Bo, Alex, Kristine, Orlee and I drove up to Guerneville, where Kristine had booked a nice little riverside apartment, on Friday evening. We enjoyed a low-key Saturday by the river before preparing our bikes, organizing our transition gear and grilling up a pre-race feast.
Sunday morning was as relaxed as a race day morning can be. Our rented apartment was a ten-minute walk to the race start, and our swim waves were relatively late. As a result, restroom lines were short and transition set-up wasn't terribly frantic. Alex and I were even able to join Kristine, Orlee, Jenny and Debbie in cheering Bo through his swim before suiting up for our own.
Bo had a fantastic swim, stopping the clock several minutes ahead of even his most generous estimate. He followed that great swim with an equally great bike ride; he held 19 miles per hour over 56 miles on a road bike without aerobars. There are people out there on $5,000 triathlon bikes who can't hit that mark! He followed that impressive ride with a really solid run, eventually crossing the line almost thirty minutes ahead of his estimated finish time. Bravo, Bo!
|PBR at the finish line!|
Nagging injuries and a hectic work schedule had kept Alex from a regular training routine before Vineman, so he was more than a little nervous going in. Fortunately, what Alex didn't have in fitness, he made up for in smart pacing and really cool-looking aero helmet. He surprised himself on the swim too, posted an equally impressive ride and eased into the run before building to a very strong finish. At the end of the day, we picked up Alex's new Felt time trial bike, so this guy's only going to get faster.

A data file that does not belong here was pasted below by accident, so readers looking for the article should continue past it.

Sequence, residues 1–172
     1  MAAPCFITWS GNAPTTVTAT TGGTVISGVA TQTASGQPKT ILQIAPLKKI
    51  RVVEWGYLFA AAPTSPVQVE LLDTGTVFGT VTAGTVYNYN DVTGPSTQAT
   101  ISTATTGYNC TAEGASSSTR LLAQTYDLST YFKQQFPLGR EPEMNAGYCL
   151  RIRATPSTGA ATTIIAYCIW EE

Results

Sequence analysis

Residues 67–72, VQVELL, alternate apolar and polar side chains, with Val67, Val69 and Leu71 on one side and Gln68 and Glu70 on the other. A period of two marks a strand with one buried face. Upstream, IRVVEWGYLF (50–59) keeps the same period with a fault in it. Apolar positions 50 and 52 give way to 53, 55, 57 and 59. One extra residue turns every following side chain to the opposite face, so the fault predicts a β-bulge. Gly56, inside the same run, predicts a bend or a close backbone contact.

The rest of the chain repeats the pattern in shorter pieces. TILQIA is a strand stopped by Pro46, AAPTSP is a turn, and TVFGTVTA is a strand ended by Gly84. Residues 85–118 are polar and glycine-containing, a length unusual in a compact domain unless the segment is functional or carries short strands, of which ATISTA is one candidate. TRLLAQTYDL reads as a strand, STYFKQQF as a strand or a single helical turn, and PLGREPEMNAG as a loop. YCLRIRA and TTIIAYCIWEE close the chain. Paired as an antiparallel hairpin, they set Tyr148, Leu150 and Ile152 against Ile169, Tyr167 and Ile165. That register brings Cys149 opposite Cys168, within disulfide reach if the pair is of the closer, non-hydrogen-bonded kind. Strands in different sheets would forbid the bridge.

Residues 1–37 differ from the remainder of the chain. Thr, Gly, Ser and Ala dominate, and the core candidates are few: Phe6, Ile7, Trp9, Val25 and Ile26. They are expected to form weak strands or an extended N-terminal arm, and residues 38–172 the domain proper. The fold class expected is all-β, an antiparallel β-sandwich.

On my end, expectation and excitement was tempered by the hip flexor strain I've been dealing with for the past for weeks. I hadn't been able to run in an eternity, so I'd been riding pretty aggressively to make up for it. I skipped taper completely, instead choosing to punish myself with back-to-back 150-mile weeks on the bike.
|Suiting up at Johnson's Beach|
I didn't have much faith in my ability to run, so I thought I'd just lay it all on the line during the swim and ride. I felt good-not-great in the water and alternated between an endurance-minded single-beat kick and a fast-but-taxing eight-beat kick designed to put open water between me and my competitors. Unfortunately, shallow water, gray light and perpetual river congestion (due to the many waves that had started before me) made for a swim that felt a lot longer than it probably should have.
The ride was a ton of fun; I let myself be aggressive and really push throughout. The result? I passed a lot of people, and I passed them quickly. There aren't many things that can improve a racer's mental state as passing lots of people quickly, so my confidence and motivation were flying high. I put my legs to the test and they responded. w00t!
I tried to start running several times during the first mile of the half marathon, but my tight hip stopped me. As I was closing in on the second mile, a grim realization hit me: if I wasn't going to run, I'd either have to walk the course or quit. Neither option sounded appealing, so I forced myself to find a stride that allowed me to manage the hip pain. It was a light, easy jog, but it was significantly faster than walking. One by one, the miles melted away. It was hot out there, but staying relaxed, keeping the pace low and walking the rest stations helped me stave off the heat.
|My beautiful wife and I|
All in all, I'm really happy with (and surprised by) how the day went. I had a solid swim and an impressive bike. More importantly, I proved to myself that this hip injury might slow me down, but it can't knock me out.
Best of all, my two best friends, Bo and Alex, did incredibly well in their first 70.3-distance races (and second triathlons ever)! It's great to have those guys with me at the finish. Having friends share these experiences with me is really... I don't know what's the exact word I'm looking for, but I enjoy it immensely.
Nine weeks 'til Ironman Lake Tahoe. Let's get healthy and do this.
(Additional notes and lessons learned coming in a subsequent post.)